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Selected Writings from a Connectionist's Psychology: A Book Review


by Mark A. May - 1949

Review of E.L. Thorndike's book: Selected Writings from a Connectionist's Psychology. Appleton-Century-Crofts, New York, 1949.


PROFESSOR Thorndike has rendered a valuable service to teachers and students of psychology and education by putting together in one volume important articles and selected portions of some of his books2 that "may go out of print."1 The volume will be particularly useful to those who want an authentic text of Thorndikian psychology, but who have neither the time nor the patience to read through the 100,000 or more pages of his writings. It may be read with profit by social scientists who are looking for the psychological foundations of human abilities, wants, and behavior.


The selections are arranged in an orderly sequence, beginning with the principles and conditions of learning and thinking, followed by chapters on mental abilities, heredity and environment, valuations and personality, and ending with selected articles on language, semantics, labor, values, and Darwin's contributions to psychology. This arrangement, plus the interstitial "tissue" of comments which tie the chapters together, gives the volume a coherence and unity that lift it out of the class of a loosely connected collection of writings.


Learning occupies a central position in Thorndike's psychology. Approximately the first half of this book is samples of his experimental work, and conclusions drawn from it, on the essential conditions of learning. He presents materials on the influence of reward, punishment, belongingness, repetition, mental systems, primacy, and the selective processes. Practically all of these selections are from his later work on human learning.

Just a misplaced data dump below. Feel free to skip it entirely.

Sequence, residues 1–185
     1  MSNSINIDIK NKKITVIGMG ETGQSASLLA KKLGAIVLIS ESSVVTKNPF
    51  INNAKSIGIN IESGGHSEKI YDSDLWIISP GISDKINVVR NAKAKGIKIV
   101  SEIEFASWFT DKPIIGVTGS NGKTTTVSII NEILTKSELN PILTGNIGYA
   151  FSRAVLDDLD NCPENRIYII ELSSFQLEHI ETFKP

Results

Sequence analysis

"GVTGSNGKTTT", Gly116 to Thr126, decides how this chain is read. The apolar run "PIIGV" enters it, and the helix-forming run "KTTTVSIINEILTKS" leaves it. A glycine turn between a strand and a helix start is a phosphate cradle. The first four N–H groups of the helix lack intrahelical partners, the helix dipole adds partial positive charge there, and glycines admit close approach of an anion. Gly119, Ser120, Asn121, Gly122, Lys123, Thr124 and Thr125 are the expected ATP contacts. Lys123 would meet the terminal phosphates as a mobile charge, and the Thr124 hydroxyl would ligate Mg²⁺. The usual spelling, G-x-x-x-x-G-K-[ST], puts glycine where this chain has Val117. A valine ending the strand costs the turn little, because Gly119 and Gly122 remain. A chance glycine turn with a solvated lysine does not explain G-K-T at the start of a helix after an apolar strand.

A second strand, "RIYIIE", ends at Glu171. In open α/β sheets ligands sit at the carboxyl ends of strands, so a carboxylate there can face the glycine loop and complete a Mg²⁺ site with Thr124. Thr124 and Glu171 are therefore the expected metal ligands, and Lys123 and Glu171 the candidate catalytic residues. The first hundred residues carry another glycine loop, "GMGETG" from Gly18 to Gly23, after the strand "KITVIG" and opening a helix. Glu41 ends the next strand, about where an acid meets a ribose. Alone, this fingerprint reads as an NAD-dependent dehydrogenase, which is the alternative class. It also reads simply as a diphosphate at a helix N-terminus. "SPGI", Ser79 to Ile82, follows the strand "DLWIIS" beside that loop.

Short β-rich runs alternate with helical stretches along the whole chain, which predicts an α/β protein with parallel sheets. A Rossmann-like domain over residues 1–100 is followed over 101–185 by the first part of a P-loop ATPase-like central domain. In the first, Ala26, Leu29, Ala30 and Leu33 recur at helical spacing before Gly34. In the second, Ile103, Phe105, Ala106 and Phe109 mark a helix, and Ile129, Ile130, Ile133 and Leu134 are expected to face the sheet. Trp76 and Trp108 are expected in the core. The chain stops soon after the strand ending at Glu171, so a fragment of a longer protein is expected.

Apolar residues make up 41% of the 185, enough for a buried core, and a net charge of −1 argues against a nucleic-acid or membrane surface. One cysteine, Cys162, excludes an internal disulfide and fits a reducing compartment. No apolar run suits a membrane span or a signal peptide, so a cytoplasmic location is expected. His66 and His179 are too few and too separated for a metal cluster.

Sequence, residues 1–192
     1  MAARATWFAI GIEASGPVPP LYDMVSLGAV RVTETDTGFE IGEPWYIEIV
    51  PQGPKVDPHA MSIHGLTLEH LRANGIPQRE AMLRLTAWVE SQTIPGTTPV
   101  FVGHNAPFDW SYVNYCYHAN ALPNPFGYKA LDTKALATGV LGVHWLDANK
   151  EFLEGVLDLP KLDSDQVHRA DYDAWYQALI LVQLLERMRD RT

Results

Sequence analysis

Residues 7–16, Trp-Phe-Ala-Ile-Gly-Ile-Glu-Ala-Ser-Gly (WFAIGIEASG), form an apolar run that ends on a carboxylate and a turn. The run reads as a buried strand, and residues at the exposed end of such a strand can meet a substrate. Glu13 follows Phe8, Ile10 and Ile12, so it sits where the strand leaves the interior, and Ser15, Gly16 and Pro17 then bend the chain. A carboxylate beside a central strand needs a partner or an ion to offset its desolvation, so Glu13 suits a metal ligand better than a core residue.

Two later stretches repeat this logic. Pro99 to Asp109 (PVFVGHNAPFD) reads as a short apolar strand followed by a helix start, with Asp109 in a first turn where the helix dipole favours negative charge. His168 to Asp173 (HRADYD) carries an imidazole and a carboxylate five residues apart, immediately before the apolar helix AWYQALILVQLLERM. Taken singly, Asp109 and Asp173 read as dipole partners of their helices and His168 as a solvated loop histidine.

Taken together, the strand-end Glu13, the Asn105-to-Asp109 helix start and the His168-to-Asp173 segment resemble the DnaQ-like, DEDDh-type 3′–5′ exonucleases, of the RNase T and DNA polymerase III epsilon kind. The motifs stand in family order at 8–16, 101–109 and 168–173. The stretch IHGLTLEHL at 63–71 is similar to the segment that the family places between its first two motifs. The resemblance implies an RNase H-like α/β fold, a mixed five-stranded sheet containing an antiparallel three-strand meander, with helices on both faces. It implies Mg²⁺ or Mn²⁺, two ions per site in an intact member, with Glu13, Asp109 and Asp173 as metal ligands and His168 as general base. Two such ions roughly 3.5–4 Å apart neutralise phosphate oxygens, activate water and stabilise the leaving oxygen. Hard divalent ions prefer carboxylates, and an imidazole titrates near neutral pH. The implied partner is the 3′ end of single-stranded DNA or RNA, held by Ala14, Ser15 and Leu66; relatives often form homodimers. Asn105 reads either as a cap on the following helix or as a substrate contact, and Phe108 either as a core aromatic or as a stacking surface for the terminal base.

Basic to education is the ability to learn. Early in his career and owing largely to the influence of Darwin and Galton, Thorndike investigated individual differences in native abilities, which led eventually to the preparation of his scale for measuring intelligence. He has included in this volume only selections from his basic research on mental abilities and heredity and environment.


After the first few years of life, the bulk of human learning is linguistic or symbolic. Out of the abundance of his material on words, sentences, and their meanings he has included two selections, one on "The Origin of Language" and the other on "The Psychology of Semantics."


Although the word "connectionist" occurs in the title, there is nothing in the book about "connectionism" in contrast to "gestaltism" or any other general psychological theory. In fact there is very little theory in the book except in the first three chapters, where the author includes selections that state his view on the nature of reinforcement (as a confirming reaction) and on why punishment does not subtract strength from a connection. Practically every chapter in the volume contains factual material, but not in the detail that is characteristic of most of Thorn-dike's books.